## Axis of symmetry

PROPERTIES OF SOLIDS

1. Solids have definite mass.

2. Solids have definite Volume

3. Solids have definite shape PROPERTIES OF SOLIDS

1. Intermolecular distances are short.
2. Intermolecular forces are strong.
3. Their constituent particles (atoms, molecules or ions) have fixed positions and can only oscillate about their mean positions.
4. In general they are incompressible and rigid

Solids are classified as crystalline and amorphous  AXIS OF SYMMETRY

• An imaginary axis through which if we rotate the solid then same figure is seen more than once before completing 360o
• For a cube we have
• Two fold symmetry
• Three fold symmetry
• four fold symmetry

Axis of symmetry PLANE OF SYMMETRY

An imaginary plane through if we cut the solid the two parts will be mirror image of each other Centre of symmetry

• An imaginary point through if we pass an imaginary line it will touch the opposite plane, edge or vertices at equal distance PROPERTIES OF SOLIDS

1. Cleavage plains: Cleavage is the tendency of a mineral to break along smooth planes parallel to zones of weak bonding. Crystals have cleavage plains where as amorphous solids do not have these plains
2. Crystals are called true solids whereas amorphous solids are called pseudo solids or super cooled liquid.

Polymorphic forms or polymorphs: The different crystalline forms of a same substance are known as polymorphic forms or polymorphs. For example: graphite and diamond are polymorph’s of carbon

Crystals classification based on the nature of intermolecular forces Molecular crystals

They have constituent particles as molecules and are divided into three parts

1. Non polar: here the intermolecular forces are weak Vanderwaal's forces (Dispersion or London forces) . They are soft, do not conduct electricity and have very low melting point. Ex: Argon, CCl4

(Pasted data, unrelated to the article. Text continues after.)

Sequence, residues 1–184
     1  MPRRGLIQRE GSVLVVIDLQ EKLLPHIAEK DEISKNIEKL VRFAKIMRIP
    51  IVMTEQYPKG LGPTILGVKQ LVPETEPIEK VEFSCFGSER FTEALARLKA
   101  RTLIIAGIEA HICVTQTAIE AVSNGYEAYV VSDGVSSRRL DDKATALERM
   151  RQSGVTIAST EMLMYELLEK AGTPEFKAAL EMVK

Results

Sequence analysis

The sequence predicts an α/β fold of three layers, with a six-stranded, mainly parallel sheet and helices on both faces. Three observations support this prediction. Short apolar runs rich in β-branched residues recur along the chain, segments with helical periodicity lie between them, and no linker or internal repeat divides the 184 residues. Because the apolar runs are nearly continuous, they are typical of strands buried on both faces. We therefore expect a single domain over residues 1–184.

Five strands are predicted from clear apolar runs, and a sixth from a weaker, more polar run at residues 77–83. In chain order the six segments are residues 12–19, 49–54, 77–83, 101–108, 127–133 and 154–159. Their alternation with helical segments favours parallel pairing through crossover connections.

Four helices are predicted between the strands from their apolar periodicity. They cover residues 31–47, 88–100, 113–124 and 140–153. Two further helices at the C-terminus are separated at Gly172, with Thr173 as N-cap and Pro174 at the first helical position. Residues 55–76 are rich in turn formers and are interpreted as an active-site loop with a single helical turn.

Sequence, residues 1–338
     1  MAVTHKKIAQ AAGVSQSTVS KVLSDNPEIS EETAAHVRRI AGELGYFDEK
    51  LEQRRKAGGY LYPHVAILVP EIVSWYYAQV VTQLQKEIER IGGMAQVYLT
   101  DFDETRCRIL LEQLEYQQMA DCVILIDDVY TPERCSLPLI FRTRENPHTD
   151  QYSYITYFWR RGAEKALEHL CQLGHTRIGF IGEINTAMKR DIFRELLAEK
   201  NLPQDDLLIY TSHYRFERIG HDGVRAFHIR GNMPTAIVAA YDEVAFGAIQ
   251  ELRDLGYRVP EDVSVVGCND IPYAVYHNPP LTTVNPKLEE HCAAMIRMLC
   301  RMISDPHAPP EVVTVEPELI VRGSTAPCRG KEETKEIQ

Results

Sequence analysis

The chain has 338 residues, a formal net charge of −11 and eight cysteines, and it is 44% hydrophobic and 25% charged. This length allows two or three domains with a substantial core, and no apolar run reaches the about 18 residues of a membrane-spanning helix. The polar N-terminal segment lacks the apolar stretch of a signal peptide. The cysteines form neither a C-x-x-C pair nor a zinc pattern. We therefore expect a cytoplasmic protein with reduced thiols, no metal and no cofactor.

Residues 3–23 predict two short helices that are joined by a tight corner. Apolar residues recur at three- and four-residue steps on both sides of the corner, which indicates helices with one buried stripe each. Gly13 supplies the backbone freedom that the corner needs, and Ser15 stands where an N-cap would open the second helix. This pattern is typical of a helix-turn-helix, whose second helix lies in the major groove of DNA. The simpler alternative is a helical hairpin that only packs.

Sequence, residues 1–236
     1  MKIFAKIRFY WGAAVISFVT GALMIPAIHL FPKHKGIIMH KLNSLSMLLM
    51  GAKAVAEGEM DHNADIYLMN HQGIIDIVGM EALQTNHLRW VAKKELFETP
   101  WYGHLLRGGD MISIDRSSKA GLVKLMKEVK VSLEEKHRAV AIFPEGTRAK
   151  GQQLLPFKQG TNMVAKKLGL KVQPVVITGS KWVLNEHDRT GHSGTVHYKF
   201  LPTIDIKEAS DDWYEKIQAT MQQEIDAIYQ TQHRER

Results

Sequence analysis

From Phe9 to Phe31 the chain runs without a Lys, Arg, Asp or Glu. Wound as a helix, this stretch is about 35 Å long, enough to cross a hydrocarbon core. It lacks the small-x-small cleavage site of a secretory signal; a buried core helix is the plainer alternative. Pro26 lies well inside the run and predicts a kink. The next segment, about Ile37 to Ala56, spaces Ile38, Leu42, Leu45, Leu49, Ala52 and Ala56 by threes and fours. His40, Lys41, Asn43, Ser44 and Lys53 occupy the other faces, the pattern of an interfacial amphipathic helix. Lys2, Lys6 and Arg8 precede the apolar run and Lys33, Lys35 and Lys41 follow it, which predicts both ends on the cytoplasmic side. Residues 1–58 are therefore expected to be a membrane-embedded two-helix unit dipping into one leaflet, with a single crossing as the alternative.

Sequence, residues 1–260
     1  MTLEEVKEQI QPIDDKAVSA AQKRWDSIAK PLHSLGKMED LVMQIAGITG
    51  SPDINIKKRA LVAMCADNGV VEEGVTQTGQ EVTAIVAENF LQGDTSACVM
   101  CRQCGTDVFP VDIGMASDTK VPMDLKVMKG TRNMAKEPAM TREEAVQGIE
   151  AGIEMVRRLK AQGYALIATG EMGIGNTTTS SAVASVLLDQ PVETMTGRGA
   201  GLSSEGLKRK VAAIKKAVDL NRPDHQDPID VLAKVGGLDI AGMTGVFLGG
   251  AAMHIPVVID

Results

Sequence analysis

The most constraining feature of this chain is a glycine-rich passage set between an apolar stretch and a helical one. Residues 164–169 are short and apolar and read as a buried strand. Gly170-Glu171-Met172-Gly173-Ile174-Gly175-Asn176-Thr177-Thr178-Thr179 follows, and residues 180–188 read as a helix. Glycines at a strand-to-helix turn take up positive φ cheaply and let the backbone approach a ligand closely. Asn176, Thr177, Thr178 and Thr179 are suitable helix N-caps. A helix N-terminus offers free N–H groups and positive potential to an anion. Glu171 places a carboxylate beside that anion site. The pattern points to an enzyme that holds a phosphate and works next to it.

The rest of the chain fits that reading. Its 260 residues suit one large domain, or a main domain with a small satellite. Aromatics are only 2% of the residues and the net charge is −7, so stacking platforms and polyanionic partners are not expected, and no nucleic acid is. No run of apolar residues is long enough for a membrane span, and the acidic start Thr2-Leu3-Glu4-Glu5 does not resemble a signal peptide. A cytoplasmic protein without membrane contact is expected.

2. Polar: here the intermolecular forces are Dipole-dipole interactions.  They are soft, do not conduct electricity and have low melting point. Ex: HCl, SO2
3. Hydrogen bonding: here the intermolecular forces are Hydrogen bonds.  They are hard, do not conduct electricity and have low melting point. Ex: Ice(H2O)
4. Ionic crystals: The constituent particles are ions. These have strong columbic intermolecular forces. They are hard but brittle. They do not conduct electricity in solid state but are good conductors on molten and aqueous state. They have very high melting point. Ex: Rock salt (NaCl), MgCl2
5. Metallic solid: The constituent particles are positive ions floating in sea delocalized electrons. These have strong metallic intermolecular forces. They are hard but ductile and malleable. They are good conductor of electricity. They have high melting point. Ex: Iron, Copper etc
6. Covalent or network solids: The constituent particles are atoms. These have strong covalent bonding. They are hard .They do not conduct electricity. They have very high melting point. Ex: Silica, Diamond etc. Graphite is an exception because it is soft and conducts electricity. ## Crystal lattices

CRYSTAL LATTICES

• Lattice: Regular 3-D arrangements of equivalent LATTICE POINTS in space.
• UNIT CELLS
• Smallest repeating internal unit that has the symmetry characteristic of the solid. 1. Actual unit cell
2. Unit cell as drawn
3. Whole crystal CRYSTAL LATTICE GEOMETRY • Based on shape of unit cell ignoring actual atomic locations
• Unit cell = 3-dimensional unit that repeats in space
• Unit cell geometry completely specified by a, b, c (distance in x, y & z axis)& a, b, g (angles between a,b & c (lattice parameters or lattice constants)
• Seven possible combinations of a, b, c & a, b, g, resulting in seven basic crystal systems

14 Bravais Lattices: seven basic lattices and fourteen overall 14 Bravais Lattices from seven basic lattices

Cubic Unit Cells

There are 7 basic crystal systems, but we are only concerned with CUBIC. DIFFERENT CUBIC UNIT CELLS ATOM SHARING AT CUBE FACES AND CORNERS Atom shared in corner

à 1/8  inside each unit cell

Atom shared in face

à ½  inside each unit cell

Atoms shared on edges

à ¼ inside each unit cell

Atoms inside the unit cell

à 1 inside each unit cell

NUMBER OF ATOMS PER UNIT CELL  PACKING FRACTION   a = edge length of unit cell

R = radius of atoms( assuming they are hard spheres)

Z= no of atoms in one unit cell

PACKING FRACTION: SC PACKING RACTION: BCC PACKING FRACTION: FCC Voids:- gaps between atoms in a crystal are called voids.

• There are two types of voids
• Tetrahedral voids and octahedral voids HOW TO LOCATE VOIDS

• No. of tetrahedral voids = 2 x effective atoms/unit cell • No. of octahedral voids = 1 x effective atoms/unit cell COMPARISON OF CRYSTAL STRUCTURES ## Theoretical density

THEORETICAL DENSITY, r  CLOSE PACKED CRYSTALS  IONIC CRYSTALS COORDINATION NO 3 IONIC CRYSTALS SIMPLE IONIC COMPOUNDS

Two Views of CsCl Unit Cell

Either arrangement leads to formula of 1 Cs+ and 1 Cl- per unit cell NaCl CONSTRUCTION THE SODIUM CHLORIDE LATTICE